Thursday, January 26, 2012
An article from the National Law Journal by William A. Chamberlain, Assistant Dean for Career Strategy and Advancement at Northwestern University School of Law.
Following the crash in 2008, large law firms drew criticism for the massive layoffs caused by the recession and, in part, by inflated associates' salaries. In 2011, law schools came under fire for charging excessive tuition, strapping graduates with unmanageable debt and for allegedly publishing incomplete or misleading employment outcomes to lure unsuspecting students.
To be sure, students graduating into this economy have many reasons to be frustrated. Just a few short years ago, jobs in the legal profession were plentiful — although perhaps we remember those times as better than they were. Many students could rely on on-campus interviews, job postings or applying directly to government offices to get their first jobs. Networking, contacting alumni, constant follow-up and frequent lack of response from potential employers were not the norm. Rejection happened, but there always seemed to be another opportunity just around the corner.
But shortly after students from the Class of 2011 enrolled, the traditional sources of jobs had contracted. Job searching today takes more work outside of one's comfort zone — both for students and career services professionals. It is not surprising that law schools, and in particular career offices, have become the lightning rods for this frustration. In good times, telling students that we could not give them jobs — but that we could give them tools to do a successful job search — seemed sufficient; nowadays, this just is not enough.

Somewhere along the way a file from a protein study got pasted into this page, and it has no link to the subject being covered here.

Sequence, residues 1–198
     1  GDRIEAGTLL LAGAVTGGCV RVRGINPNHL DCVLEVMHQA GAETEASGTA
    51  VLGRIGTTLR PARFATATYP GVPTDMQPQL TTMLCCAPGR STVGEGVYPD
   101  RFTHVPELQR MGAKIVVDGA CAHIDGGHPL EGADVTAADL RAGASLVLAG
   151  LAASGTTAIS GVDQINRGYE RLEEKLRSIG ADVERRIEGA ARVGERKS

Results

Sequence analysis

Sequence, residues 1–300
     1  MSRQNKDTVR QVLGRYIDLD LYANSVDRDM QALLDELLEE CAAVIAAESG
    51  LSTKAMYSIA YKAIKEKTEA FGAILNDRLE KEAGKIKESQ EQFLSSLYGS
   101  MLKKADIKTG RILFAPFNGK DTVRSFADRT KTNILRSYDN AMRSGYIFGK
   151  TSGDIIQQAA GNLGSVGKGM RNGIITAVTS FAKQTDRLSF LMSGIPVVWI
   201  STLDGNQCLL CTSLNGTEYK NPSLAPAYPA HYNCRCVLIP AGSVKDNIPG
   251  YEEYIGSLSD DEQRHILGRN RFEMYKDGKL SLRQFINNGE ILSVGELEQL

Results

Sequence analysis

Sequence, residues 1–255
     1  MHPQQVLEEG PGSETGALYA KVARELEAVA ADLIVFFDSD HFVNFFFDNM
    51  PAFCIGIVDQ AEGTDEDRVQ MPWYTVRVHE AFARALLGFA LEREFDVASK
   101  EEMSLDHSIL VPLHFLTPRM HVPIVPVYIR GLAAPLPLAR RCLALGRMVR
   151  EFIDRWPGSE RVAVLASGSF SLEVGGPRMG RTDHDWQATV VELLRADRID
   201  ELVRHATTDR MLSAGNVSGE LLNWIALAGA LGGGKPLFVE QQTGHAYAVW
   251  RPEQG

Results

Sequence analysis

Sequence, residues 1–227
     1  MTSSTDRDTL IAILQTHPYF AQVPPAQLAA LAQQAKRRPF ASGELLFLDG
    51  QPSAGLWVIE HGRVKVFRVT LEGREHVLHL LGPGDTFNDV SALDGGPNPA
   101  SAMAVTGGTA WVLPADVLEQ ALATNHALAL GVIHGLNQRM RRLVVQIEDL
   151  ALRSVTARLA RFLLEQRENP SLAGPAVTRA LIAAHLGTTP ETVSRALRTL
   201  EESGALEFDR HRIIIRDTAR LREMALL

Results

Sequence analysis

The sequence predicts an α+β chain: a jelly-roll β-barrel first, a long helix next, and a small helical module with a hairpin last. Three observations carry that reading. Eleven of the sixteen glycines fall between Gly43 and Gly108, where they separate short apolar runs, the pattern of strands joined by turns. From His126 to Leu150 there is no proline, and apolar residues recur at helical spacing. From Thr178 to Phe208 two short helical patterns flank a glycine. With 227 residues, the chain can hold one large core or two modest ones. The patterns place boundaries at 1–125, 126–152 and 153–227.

Beyond the media hype, what is really going on in career offices these days? The vast majority of career counselors genuinely want to help their students find jobs. We are career counselors not for the money or the U.S. News rankings, but because we want to help. The cynic might say that all career offices care about is their U.S. News & World Report employment percentage. While the U.S. News rankings are a challenge we must face each year, each student who graduates without a job — particularly those who are following our advice — is disheartening.
In these challenging times, career offices are under pressure to adopt aspects of the long-discarded mantle of "placement office," to try to place our unemployed students and recent grads. While it is seldom possible to literally "place" anyone, we can expand our advocacy and outreach efforts with potential employers and strive to match individual students or grads with alums and even non-alums in the practice areas and markets in which they are interested. The new economy requires that law schools devote more time, energy and resources than ever before toward outreach with employers. Cultivating and strengthening those relationships is imperative.
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So what . . . is ahead for 2012? With so much uncertainty in the world markets, it is difficult to predict whether entry-level hiring truly has hit bottom, but noticeable increases in the number of employers on campus last fall and in fall recruiting outcomes for the Class of 2013 may signal an increase in employment at graduation for that class. Lateral hiring continues to be on the upswing — an indicator, at least in past cycles, of better things to come in the entry-level market.
Even with high tuition and a contracted job market, the J.D. is still worth having. All sectors of the economy have been hit by the recession, but, in relative terms, getting a law degree still makes a lot of sense. Lawsuits make for good headlines, and law schools have been easy targets in a bad economy. However, attending law school is not, and has never been, a guarantee of an immediate six-figure salary, and it remains the threshold to a worthwhile profession for those who truly want to be there
Read the rest here.